-Melina

Somewhere There’s A Nurse

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Nursing, the most trusted profession in America. We don’t think about it often in the hustle and bustle of our everyday, but that’s a pretty intense statistic. People trust us, exclusively, with almost every aspect of their lives. Through the good and the bad we are who they turn to. They expect us to be on our game, present, and know all the answers, at any given moment. We don’t get to have an “off” day, or someone may die. We must sift through the mess, dig to the bottom, and give every ounce of ourselves to anyone who walks through the door. We learn to watch for trends, patterns, or any subtle clue that may tell us something is about to go down. This isn’t bad, in fact, it’s pretty awesome, and I am most certainly not complaining. This is my job, my calling, and huge portion of who I am. It’s an honor to care for these people, even in their darkest moments.

I was thinking about Nurses Week, how one week a year everyone tells us how great we are, and how thankful they are that we, “do what we do.” Regardless of what your calling may be as a nurse, this is your time to shine. Truth is, I know they appreciate us all year-long, even if they don’t vocalize it, but it’s easy to forget about the daily sacrifices we all make if you’re not on the ground running. Now don’t get me wrong, I like Nurses week, I think it’s a nice gesture, and I am always happy to receive my new cup, tote, flashlight, or whatever the gift of the year may be. Just a token of appreciation for our hard work; but to me, being a nurse is so much more.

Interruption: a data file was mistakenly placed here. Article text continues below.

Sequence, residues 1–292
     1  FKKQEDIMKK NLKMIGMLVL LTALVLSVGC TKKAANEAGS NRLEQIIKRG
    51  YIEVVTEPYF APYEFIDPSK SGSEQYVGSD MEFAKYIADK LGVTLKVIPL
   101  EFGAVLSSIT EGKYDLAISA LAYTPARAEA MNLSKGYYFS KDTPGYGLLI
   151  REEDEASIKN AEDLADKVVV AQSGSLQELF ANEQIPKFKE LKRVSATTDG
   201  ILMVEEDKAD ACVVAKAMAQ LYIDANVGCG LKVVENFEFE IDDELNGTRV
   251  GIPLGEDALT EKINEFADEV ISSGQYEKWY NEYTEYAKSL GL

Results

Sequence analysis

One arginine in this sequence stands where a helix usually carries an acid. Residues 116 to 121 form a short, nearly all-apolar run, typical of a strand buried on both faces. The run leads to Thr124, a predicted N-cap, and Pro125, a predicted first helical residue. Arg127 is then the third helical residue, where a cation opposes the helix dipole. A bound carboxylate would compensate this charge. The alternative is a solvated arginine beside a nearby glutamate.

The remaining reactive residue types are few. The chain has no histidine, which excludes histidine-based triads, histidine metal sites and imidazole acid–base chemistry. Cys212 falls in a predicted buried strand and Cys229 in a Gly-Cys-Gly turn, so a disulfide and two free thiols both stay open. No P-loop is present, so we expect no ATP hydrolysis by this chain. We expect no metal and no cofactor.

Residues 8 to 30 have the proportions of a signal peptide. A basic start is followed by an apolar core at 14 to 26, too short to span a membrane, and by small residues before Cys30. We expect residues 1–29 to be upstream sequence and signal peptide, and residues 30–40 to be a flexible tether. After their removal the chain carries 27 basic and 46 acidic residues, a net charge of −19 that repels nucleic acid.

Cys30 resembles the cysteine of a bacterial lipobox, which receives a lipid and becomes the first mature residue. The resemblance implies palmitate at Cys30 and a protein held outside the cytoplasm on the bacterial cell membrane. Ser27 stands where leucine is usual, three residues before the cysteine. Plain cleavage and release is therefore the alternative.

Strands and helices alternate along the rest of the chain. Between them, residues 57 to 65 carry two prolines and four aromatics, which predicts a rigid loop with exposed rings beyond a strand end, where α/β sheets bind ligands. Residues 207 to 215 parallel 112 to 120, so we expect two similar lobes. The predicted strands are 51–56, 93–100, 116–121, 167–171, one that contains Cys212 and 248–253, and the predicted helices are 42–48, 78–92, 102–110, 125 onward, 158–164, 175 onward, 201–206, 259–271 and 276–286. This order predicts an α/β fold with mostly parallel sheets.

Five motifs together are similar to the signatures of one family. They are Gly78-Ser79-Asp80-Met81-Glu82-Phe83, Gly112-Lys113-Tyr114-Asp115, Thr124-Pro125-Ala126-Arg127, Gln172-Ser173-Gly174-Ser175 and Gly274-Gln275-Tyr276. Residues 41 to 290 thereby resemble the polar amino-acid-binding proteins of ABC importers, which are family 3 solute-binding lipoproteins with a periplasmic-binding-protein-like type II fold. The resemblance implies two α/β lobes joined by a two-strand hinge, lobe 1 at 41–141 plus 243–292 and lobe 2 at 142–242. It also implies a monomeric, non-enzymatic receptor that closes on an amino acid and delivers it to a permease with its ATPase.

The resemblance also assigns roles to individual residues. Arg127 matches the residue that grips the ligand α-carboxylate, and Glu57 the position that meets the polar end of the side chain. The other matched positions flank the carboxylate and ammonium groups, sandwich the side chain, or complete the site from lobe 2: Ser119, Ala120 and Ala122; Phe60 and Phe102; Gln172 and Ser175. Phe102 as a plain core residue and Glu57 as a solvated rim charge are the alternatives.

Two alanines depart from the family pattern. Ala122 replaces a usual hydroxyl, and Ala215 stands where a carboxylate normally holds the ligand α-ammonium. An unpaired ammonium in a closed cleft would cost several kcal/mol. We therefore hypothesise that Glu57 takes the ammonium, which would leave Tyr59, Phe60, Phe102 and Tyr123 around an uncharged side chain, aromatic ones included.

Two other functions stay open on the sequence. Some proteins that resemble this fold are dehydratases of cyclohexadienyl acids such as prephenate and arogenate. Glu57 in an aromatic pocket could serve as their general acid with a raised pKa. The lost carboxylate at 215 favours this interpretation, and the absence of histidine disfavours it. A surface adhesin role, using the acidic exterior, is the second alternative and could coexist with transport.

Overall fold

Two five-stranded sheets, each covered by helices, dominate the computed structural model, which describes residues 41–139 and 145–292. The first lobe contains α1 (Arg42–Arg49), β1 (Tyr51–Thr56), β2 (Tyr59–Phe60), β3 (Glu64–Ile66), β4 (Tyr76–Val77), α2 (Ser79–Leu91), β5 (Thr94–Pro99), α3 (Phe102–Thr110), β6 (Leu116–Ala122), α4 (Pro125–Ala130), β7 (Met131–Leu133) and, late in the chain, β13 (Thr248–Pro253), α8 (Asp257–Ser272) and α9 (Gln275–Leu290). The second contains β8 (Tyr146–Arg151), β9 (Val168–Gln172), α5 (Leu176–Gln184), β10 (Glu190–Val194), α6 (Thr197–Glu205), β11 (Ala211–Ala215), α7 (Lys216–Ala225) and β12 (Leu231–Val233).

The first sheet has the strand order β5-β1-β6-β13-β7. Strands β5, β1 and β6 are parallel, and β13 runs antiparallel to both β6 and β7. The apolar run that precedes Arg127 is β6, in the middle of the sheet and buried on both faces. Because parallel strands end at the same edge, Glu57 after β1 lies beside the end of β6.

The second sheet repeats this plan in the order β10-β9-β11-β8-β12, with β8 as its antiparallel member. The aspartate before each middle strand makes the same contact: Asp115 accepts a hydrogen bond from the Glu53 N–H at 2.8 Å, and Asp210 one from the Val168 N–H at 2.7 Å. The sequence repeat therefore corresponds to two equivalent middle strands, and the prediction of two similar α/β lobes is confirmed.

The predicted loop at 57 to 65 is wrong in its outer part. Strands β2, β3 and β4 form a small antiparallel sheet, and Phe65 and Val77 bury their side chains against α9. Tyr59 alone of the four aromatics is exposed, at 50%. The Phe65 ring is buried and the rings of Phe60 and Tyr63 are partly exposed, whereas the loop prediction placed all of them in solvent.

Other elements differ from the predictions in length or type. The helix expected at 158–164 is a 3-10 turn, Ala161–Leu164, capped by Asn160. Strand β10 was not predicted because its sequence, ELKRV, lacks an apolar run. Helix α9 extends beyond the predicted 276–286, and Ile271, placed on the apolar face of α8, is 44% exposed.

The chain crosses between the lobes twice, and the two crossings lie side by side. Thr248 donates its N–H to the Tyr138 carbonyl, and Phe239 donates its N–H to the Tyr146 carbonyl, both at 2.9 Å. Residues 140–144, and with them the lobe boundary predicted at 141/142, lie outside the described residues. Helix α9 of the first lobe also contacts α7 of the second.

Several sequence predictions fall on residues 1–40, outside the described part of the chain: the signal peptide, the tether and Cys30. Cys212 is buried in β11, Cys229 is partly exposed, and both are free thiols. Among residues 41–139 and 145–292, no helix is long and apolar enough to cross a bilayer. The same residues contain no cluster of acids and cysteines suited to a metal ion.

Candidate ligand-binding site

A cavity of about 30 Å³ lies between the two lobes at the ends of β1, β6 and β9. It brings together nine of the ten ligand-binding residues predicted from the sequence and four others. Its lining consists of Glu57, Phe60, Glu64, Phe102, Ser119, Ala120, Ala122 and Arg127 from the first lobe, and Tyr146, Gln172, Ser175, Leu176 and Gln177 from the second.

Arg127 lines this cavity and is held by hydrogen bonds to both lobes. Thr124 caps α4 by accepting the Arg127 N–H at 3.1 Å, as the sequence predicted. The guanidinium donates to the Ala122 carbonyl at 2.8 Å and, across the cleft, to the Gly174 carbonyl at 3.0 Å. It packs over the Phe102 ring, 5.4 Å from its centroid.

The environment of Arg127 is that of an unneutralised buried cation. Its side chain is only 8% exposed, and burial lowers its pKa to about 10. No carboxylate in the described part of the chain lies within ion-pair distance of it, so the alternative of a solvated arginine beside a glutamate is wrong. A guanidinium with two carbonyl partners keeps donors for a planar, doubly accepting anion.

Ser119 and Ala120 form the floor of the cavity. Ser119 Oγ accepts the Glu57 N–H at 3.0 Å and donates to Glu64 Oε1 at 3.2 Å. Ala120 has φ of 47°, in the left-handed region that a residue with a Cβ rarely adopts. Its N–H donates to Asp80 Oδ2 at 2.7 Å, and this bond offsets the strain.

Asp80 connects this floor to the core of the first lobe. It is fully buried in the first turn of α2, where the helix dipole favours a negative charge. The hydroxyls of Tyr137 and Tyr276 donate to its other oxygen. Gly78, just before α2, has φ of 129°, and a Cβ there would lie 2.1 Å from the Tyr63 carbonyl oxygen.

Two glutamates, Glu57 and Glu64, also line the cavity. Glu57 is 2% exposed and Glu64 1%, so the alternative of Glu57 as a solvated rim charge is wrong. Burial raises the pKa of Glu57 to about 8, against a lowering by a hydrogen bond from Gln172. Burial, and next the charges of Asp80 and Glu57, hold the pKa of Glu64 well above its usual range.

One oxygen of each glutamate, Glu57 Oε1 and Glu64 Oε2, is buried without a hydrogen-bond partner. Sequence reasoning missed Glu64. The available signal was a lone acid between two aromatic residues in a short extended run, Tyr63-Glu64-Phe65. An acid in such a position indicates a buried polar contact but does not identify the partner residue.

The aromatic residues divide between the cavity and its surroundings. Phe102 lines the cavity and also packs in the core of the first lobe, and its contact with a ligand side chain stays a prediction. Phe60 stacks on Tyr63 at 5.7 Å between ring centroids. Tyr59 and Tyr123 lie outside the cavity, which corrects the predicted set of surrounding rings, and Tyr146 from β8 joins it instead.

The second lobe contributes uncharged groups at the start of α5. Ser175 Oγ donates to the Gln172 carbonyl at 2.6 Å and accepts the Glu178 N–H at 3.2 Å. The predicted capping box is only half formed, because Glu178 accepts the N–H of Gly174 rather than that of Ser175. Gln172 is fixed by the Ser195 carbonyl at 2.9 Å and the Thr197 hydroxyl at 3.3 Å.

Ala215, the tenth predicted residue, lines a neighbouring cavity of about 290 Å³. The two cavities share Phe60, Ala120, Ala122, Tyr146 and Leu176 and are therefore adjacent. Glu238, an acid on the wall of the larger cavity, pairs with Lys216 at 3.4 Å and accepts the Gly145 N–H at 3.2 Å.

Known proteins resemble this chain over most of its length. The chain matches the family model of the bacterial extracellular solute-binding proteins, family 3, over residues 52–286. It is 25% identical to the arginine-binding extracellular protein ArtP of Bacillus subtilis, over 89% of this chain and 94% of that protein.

I have had the honor of knowing and meeting so many amazing nurses in my life, not just in the ER, but all over the place. Though we all have vastly different jobs, they are equally as important. We all play a vital role in the health care system and overall well-being of our patients, and not one of us could function independently. We need each other to get by.